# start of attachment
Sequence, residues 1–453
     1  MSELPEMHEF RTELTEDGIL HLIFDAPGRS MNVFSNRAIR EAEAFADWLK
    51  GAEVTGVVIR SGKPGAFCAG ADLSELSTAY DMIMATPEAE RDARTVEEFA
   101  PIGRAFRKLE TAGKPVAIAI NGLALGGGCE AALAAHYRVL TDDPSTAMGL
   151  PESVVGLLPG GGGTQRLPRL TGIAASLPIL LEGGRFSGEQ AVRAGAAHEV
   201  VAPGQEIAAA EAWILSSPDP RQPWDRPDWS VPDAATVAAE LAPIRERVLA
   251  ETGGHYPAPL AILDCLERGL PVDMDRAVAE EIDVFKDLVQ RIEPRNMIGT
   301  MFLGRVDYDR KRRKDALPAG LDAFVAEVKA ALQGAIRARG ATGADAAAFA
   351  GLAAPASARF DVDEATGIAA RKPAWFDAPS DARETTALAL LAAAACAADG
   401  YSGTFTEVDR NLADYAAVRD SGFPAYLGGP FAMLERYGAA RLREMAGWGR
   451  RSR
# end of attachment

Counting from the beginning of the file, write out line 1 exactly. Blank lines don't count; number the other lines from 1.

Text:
Sequence, residues 1–453